Some parents allow their children to try a little alcohol with them on special occasions; Others prefer not to. There is some evidence that drinking alcohol at an earlier age increases the likelihood of alcohol-related harm later on, but other studies show that young people who drink moderately at home, with good parental role models, are less likely to binge on and more likely to develop moderate drinking habits. Keep in mind that there is a difference between swallowing on special occasions and drinking whole drinks, so the UK`s chief medical officers recommend that parents not allow their children to drink alcohol at home until they are 15. Whatever you decide, stick to your guns and make sure your child understands why it can be dangerous for young people to drink. Be prepared to say NO if you feel uncomfortable with party situations and set ground rules. Children should also be aware that there are laws that limit the age at which you can buy and drink alcohol. With older teenagers, you need to strike a balance: you need to warn them of the dangers and make them aware of the law; But also to say that they can enjoy moderate social consumption when they are adults if they want to. The important thing is to focus on the facts and give your child the knowledge and skills to avoid the dangers associated with alcohol. Regular alcohol consumption in childhood and early adulthood can cause permanent brain and liver damage to these developing organs. It has also been shown to affect some young people`s performance in school, which can negatively impact their potential throughout their lives.10,11 People who drink regularly at a young age are also more likely to have alcohol-related problems than adults.12 It is illegal to give alcohol to children under the age of 5. The UK`s chief medical officer recommends that an alcohol-free childhood should be the healthiest, but if children drink from minors, it shouldn`t be until the age of 15. Being in conflict with the law because of alcohol use could be a sign that a young person needs support. In North America, the legal drinking age and the legal drinking age range from 18 to 21: alcohol consumption varies considerably from country to country, as does the legal drinking age.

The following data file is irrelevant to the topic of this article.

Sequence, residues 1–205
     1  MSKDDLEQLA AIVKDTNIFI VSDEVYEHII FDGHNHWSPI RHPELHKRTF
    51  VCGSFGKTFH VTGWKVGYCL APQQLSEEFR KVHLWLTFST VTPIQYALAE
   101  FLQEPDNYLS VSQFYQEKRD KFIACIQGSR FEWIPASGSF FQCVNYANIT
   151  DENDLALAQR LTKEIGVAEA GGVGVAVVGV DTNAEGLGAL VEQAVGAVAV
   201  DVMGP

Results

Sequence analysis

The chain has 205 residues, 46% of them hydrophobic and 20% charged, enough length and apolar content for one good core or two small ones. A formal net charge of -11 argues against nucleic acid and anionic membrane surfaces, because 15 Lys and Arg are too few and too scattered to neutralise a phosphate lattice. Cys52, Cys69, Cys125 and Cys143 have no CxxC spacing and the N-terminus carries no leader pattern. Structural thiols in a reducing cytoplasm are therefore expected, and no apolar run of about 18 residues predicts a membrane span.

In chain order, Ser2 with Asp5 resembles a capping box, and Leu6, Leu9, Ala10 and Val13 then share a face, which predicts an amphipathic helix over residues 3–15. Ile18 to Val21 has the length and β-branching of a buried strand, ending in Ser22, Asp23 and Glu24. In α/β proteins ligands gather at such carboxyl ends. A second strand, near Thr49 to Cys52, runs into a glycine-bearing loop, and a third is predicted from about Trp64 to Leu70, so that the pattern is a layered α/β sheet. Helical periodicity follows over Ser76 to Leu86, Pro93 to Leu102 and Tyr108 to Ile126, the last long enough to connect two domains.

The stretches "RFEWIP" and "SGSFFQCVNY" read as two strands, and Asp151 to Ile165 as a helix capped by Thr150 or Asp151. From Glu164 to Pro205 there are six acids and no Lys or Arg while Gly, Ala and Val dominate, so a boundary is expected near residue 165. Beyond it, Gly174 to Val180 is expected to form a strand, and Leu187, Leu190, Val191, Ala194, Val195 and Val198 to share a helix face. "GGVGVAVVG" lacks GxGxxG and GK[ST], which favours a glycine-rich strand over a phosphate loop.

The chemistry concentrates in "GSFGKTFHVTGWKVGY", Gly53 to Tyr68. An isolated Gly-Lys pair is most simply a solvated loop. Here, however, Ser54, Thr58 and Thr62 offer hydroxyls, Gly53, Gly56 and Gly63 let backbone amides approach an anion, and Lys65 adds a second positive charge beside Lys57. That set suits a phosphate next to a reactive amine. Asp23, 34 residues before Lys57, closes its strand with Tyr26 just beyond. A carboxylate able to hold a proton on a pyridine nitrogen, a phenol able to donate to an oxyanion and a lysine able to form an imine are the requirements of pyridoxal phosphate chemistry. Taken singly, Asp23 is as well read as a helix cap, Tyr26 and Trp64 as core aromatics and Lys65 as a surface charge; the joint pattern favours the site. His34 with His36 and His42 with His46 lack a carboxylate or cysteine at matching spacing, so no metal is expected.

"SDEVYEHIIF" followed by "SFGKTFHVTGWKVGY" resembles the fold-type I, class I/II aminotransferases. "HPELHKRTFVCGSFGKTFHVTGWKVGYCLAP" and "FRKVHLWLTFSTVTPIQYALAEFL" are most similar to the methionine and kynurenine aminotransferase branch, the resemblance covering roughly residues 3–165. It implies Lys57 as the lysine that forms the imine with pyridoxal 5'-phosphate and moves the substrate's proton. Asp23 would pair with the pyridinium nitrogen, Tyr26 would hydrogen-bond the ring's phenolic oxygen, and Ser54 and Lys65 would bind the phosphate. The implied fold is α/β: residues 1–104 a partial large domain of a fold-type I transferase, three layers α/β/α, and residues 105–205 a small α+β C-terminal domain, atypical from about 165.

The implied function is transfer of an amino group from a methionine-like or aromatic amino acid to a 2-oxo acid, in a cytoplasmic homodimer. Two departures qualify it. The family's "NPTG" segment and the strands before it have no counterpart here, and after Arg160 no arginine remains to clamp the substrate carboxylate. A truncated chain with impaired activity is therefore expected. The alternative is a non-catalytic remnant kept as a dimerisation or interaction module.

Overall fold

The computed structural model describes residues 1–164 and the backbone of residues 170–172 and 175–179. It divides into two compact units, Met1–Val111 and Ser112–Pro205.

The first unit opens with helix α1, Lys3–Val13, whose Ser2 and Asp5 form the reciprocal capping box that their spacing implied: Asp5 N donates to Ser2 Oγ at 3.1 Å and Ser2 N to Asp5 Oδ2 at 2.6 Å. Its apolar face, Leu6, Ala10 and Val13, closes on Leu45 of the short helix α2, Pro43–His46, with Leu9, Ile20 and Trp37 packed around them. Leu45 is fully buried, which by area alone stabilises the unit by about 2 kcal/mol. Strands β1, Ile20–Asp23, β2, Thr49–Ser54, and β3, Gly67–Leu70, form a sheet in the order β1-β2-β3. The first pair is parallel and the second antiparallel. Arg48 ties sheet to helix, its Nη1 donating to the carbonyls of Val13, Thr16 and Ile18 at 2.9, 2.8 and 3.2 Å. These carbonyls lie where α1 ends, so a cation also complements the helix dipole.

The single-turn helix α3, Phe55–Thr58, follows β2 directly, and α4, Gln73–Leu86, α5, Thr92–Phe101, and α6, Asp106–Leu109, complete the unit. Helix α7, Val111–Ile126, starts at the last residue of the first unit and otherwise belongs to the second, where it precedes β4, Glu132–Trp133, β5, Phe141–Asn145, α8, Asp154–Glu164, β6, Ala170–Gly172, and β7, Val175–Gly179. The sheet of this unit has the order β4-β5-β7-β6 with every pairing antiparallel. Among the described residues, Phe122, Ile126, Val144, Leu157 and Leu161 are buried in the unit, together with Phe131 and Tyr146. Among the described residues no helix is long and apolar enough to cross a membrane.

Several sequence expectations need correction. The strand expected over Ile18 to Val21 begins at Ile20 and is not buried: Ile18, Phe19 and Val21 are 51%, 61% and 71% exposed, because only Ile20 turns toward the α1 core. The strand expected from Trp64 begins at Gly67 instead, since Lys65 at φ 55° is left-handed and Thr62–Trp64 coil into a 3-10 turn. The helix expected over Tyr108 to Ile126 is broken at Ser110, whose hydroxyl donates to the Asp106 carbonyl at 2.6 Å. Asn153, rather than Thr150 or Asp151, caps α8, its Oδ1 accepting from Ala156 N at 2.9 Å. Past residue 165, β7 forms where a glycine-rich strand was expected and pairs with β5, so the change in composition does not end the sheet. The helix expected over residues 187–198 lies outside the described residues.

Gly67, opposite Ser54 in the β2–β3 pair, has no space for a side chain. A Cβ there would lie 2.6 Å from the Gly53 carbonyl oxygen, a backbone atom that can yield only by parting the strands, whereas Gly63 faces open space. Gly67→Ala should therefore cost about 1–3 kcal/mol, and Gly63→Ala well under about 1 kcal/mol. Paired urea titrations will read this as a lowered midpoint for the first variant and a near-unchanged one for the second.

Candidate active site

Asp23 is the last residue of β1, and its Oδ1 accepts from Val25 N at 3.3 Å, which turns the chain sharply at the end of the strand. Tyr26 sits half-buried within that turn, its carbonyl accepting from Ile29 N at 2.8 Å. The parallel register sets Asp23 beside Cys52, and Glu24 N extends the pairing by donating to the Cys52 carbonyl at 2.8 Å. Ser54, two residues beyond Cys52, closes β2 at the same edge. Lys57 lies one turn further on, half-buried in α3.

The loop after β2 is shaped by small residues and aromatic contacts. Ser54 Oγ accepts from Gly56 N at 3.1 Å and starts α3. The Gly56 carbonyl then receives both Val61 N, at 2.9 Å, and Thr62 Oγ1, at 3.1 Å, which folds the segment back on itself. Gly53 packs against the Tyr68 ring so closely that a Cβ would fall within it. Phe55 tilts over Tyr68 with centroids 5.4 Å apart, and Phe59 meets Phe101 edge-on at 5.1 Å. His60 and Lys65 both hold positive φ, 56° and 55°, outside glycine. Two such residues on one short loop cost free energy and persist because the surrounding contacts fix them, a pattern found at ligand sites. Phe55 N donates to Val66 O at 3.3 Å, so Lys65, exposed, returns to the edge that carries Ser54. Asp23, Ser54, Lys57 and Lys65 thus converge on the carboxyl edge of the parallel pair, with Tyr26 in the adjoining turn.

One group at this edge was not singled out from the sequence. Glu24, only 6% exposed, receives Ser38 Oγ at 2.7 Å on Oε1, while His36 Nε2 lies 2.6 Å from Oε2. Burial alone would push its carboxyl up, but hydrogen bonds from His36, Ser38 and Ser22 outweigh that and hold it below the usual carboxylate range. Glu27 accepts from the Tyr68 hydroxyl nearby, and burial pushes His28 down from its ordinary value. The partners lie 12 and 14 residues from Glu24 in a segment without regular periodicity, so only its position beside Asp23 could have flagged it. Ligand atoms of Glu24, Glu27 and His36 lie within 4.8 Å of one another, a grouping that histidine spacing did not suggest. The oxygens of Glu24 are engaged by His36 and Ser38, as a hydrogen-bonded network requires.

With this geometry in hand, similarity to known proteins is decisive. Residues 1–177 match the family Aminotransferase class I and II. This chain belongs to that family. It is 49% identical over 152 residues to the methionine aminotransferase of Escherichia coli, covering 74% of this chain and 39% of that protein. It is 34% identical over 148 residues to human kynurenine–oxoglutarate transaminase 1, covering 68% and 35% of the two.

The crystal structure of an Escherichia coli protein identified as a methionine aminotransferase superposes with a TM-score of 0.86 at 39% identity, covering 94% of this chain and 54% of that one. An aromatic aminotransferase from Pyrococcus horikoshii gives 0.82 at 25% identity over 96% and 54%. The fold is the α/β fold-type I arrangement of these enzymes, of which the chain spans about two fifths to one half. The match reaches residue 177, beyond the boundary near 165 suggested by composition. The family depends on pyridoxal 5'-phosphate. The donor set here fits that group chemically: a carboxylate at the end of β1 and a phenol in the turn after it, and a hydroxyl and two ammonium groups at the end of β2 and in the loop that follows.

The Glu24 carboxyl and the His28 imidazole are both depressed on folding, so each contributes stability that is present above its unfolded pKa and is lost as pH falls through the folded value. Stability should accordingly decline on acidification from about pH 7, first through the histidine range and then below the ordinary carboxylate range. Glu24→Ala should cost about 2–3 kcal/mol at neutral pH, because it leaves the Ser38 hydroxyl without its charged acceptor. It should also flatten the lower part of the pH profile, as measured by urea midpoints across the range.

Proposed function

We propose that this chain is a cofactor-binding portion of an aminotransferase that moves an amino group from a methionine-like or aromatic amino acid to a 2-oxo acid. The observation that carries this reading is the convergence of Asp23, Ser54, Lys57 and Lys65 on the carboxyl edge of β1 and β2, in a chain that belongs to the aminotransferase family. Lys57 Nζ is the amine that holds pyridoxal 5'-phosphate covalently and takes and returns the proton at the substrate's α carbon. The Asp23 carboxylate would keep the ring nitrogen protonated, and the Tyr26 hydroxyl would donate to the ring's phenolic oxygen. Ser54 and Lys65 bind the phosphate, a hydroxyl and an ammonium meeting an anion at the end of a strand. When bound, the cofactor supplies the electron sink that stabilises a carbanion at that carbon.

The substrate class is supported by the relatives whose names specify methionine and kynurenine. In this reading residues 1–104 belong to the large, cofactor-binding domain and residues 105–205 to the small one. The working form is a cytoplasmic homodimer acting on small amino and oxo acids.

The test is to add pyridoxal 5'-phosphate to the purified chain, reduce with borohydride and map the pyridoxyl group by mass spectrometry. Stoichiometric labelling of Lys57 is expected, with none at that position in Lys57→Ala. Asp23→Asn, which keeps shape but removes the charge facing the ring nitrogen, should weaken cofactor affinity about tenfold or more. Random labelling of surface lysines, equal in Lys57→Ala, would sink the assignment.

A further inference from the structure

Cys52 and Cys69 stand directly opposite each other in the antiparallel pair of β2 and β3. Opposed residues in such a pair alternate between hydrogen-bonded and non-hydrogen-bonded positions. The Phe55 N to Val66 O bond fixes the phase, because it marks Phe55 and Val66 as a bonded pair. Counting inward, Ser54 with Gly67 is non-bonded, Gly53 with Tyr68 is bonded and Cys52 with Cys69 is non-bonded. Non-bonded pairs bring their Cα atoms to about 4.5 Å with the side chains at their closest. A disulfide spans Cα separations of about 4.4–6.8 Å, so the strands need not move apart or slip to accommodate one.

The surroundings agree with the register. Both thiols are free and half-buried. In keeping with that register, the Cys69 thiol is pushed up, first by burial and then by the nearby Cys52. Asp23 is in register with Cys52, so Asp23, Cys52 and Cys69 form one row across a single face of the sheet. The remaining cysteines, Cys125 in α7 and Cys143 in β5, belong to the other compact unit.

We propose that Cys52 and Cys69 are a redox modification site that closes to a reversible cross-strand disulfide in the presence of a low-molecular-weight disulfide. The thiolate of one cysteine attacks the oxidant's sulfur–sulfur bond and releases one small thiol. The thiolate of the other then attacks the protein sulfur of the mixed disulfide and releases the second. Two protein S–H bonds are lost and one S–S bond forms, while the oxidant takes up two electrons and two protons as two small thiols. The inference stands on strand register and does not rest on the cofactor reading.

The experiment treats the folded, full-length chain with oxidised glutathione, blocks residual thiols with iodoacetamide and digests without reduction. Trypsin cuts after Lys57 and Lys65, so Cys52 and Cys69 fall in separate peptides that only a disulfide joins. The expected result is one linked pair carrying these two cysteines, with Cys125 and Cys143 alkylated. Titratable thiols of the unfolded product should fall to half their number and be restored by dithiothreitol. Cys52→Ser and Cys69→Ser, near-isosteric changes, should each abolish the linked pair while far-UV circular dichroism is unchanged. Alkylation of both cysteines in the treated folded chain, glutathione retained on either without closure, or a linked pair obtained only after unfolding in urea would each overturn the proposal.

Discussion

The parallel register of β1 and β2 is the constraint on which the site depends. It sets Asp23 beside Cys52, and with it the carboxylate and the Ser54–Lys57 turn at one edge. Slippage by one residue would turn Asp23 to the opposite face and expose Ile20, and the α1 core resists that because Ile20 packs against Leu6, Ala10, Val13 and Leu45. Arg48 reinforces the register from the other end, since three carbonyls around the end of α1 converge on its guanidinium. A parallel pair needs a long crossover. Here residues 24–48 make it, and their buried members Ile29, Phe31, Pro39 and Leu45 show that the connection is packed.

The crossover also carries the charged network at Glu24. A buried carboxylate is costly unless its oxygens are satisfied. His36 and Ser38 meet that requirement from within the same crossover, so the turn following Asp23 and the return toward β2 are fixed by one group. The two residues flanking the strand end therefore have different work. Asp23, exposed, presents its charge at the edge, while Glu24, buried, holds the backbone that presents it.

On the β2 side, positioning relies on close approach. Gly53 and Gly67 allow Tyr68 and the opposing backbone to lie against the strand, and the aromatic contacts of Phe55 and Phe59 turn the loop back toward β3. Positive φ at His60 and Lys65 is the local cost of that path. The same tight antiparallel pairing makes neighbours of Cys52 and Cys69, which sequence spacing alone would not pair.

In the United States, you must be at least 21 years of age or older to purchase or consume alcoholic beverages (with some exceptions in some jurisdictions). Surprisingly, this is one of the highest ages in the world to drink. To the north of the United States is Canada, which has a legal drinking age of 18 to 19, and the legal drinking age is much lower in many other countries. In fact, some countries don`t have a minimum drinking age (although there may be a minimum age to buy alcohol) – although the vast majority of these countries still have laws on the age you need to have to buy alcoholic beverages. Conversely, in some countries (usually under strict Muslim rule), alcohol consumption is completely prohibited. In the 1970s, provincial and state policymakers in Canada and the United States switched to lower MLDAs (set at 21 in most provinces, territories and states) to coincide with the age of judicial majority – usually 18. As a result, MLDAs have been reduced in all Canadian provinces [and] in more than half of U.S. states. In Canada, however, two provinces, Ontario (1979) and Saskatchewan (1976), rapidly increased their subsequent AOMLs from ages 18 to 19 in response to some studies showing a link between lowering the drinking age and increasing alcohol-related harms among adolescents and young adults, including increases in motor vehicle crashes and alcohol poisoning among high school students.